Structural filters for monetary analysis: the inflationary movements of money in the euro area
The quantity theory of money predicts a positive relationship between monetary growth and inflation over long-run horizons. However, in the short-run, transitory shocks to either money or inflation can obscure the inflationary signal stemming from money. The spectral analysis of time series provides filtering tools for removing fluctuations associated with certain frequency movements. However, use of these techniques in isolation is often criticised as being an oversimplistic statistical exercise potentially void of economic content. The objective of this paper is to develop ‘structural’ filtering techniques that rely on the use of spectral analysis in combination with a structural economic model with well identified shocks. A ‘money augmented’ Phillips curve that links inflation to money tightness and demand shocks of medium to long-term persistence is presented. It is shown that medium to long-term movements in inflation are mostly associated with the estimated monetary indicators. JEL Classification: E31, E50, C32
|Date of creation:||Apr 2005|
|Date of revision:|
|Contact details of provider:|| Postal: |
Phone: +49 69 1344 0
Fax: +49 69 1344 6000
Web page: http://www.ecb.europa.eu/
More information through EDIRC
References listed on IDEAS
Please report citation or reference errors to , or , if you are the registered author of the cited work, log in to your RePEc Author Service profile, click on "citations" and make appropriate adjustments.:
- Joaquim Vieira Ferreira Levy & Alessandro Calza & Dieter Gerdesmeier, 2001. "Euro Area Money Demand: Measuring the Opportunity Costs Appropriately," IMF Working Papers 01/179, International Monetary Fund.
- Robert J. Hodrick & Edward Prescott, 1981.
"Post-War U.S. Business Cycles: An Empirical Investigation,"
451, Northwestern University, Center for Mathematical Studies in Economics and Management Science.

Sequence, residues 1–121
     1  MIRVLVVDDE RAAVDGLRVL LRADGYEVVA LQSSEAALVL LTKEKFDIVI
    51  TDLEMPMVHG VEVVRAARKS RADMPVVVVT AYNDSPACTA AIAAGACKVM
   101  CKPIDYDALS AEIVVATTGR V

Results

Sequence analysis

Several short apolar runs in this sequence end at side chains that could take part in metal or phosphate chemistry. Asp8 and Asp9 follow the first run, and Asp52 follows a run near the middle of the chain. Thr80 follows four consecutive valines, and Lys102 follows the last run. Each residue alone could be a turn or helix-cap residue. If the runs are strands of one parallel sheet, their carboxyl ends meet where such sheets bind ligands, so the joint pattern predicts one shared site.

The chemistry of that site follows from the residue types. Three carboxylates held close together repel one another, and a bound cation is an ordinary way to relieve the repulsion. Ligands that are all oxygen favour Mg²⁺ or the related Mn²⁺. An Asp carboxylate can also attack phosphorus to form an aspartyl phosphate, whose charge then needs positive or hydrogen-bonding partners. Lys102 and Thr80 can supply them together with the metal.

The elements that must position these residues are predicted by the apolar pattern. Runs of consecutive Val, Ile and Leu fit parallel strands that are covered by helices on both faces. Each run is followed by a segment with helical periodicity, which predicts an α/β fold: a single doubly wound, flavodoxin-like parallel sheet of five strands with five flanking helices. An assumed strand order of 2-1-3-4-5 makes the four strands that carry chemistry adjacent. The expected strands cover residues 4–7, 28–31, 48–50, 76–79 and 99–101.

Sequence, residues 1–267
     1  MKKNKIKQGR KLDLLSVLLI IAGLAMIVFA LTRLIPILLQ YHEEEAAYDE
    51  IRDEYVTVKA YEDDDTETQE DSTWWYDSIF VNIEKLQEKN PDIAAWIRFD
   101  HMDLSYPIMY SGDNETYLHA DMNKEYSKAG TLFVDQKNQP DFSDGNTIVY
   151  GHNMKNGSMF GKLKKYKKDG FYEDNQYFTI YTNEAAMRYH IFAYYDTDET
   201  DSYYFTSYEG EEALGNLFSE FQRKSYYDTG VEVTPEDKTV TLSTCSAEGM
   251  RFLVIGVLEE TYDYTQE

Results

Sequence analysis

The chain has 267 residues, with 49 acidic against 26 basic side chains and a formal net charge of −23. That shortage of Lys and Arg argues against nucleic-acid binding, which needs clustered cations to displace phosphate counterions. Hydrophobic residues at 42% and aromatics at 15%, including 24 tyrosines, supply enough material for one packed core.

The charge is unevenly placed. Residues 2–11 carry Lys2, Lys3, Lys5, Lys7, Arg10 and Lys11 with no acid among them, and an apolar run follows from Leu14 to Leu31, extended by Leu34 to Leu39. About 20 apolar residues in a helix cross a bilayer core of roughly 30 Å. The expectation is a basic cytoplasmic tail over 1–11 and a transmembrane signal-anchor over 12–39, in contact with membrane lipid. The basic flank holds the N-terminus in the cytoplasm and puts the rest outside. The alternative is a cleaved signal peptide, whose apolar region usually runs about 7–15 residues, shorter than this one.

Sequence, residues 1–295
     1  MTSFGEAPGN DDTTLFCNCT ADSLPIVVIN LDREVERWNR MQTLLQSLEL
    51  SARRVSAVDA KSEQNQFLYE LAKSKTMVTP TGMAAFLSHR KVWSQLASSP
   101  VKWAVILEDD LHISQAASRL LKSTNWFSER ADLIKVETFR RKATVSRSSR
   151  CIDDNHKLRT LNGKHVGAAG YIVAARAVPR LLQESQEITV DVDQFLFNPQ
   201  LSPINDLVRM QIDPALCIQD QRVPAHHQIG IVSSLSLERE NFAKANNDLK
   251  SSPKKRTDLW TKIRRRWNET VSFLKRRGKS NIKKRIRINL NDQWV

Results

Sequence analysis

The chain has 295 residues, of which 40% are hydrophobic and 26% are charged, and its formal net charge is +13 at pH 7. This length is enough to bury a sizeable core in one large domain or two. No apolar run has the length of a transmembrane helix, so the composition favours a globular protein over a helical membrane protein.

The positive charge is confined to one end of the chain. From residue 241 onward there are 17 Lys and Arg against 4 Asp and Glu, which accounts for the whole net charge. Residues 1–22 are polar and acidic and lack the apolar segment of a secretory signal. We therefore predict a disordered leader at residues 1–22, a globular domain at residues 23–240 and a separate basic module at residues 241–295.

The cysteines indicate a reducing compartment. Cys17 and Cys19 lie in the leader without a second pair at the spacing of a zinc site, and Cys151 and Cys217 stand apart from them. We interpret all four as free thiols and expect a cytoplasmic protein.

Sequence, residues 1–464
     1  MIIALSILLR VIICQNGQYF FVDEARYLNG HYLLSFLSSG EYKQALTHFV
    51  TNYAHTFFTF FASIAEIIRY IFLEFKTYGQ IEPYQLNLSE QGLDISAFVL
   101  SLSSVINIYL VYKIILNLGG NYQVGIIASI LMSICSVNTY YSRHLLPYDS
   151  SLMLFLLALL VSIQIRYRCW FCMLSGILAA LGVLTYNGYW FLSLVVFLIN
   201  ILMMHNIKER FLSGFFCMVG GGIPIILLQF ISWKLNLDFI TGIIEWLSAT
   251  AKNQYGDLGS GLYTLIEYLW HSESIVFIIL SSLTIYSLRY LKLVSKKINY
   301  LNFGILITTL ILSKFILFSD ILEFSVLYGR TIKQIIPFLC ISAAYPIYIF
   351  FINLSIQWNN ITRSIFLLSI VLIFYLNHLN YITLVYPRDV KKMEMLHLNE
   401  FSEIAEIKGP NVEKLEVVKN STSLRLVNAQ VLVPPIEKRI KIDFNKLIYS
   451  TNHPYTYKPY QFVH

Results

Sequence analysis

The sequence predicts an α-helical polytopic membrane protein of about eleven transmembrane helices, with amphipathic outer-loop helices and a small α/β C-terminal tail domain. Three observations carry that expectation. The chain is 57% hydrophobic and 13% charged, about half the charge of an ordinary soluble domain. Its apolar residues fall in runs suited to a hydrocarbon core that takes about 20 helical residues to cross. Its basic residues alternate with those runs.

- Hodrick, Robert J & Prescott, Edward C, 1997. "Postwar U.S. Business Cycles: An Empirical Investigation," Journal of Money, Credit and Banking, Blackwell Publishing, vol. 29(1), pages 1-16, February.
- Lawrence J. Christiano & Martin Eichenbaum & Charles L. Evans, 1998.
"Monetary Policy Shocks: What Have We Learned and to What End?,"
NBER Working Papers
6400, National Bureau of Economic Research, Inc.
- Christiano, Lawrence J. & Eichenbaum, Martin & Evans, Charles L., 1999. "Monetary policy shocks: What have we learned and to what end?," Handbook of Macroeconomics, in: J. B. Taylor & M. Woodford (ed.), Handbook of Macroeconomics, edition 1, volume 1, chapter 2, pages 65-148 Elsevier.
- Lawrence J. Christiano & Martin Eichenbaum & Charles L. Evans, 1997. "Monetary policy shocks: what have we learned and to what end?," Working Paper Series, Macroeconomic Issues WP-97-18, Federal Reserve Bank of Chicago.
- Lucas, Robert E, Jr, 1980. "Two Illustrations of the Quantity Theory of Money," American Economic Review, American Economic Association, vol. 70(5), pages 1005-14, December.
When requesting a correction, please mention this item's handle: RePEc:ecb:ecbwps:20050470. See general information about how to correct material in RePEc.
For technical questions regarding this item, or to correct its authors, title, abstract, bibliographic or download information, contact: (Official Publications)
If you have authored this item and are not yet registered with RePEc, we encourage you to do it here. This allows to link your profile to this item. It also allows you to accept potential citations to this item that we are uncertain about.
If references are entirely missing, you can add them using this form.
If the full references list an item that is present in RePEc, but the system did not link to it, you can help with this form.
If you know of missing items citing this one, you can help us creating those links by adding the relevant references in the same way as above, for each refering item. If you are a registered author of this item, you may also want to check the "citations" tab in your profile, as there may be some citations waiting for confirmation.
Please note that corrections may take a couple of weeks to filter through the various RePEc services.